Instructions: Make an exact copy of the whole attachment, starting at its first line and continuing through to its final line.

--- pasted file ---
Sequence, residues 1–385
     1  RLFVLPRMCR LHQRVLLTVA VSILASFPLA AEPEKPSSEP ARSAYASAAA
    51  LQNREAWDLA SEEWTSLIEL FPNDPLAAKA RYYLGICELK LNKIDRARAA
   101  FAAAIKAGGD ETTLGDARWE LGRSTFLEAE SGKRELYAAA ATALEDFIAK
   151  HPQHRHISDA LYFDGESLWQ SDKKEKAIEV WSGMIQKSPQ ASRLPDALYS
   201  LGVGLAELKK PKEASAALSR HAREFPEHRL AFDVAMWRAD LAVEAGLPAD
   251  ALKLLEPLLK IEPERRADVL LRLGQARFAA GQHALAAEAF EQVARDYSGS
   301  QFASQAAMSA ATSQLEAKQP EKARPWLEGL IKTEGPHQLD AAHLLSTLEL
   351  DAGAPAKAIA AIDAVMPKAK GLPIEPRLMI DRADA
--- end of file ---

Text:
Sequence, residues 1–385
     1  RLFVLPRMCR LHQRVLLTVA VSILASFPLA AEPEKPSSEP ARSAYASAAA
    51  LQNREAWDLA SEEWTSLIEL FPNDPLAAKA RYYLGICELK LNKIDRARAA
   101  FAAAIKAGGD ETTLGDARWE LGRSTFLEAE SGKRELYAAA ATALEDFIAK
   151  HPQHRHISDA LYFDGESLWQ SDKKEKAIEV WSGMIQKSPQ ASRLPDALYS
   201  LGVGLAELKK PKEASAALSR HAREFPEHRL AFDVAMWRAD LAVEAGLPAD
   251  ALKLLEPLLK IEPERRADVL LRLGQARFAA GQHALAAEAF EQVARDYSGS
   301  QFASQAAMSA ATSQLEAKQP EKARPWLEGL IKTEGPHQLD AAHLLSTLEL
   351  DAGAPAKAIA AIDAVMPKAK GLPIEPRLMI DRADA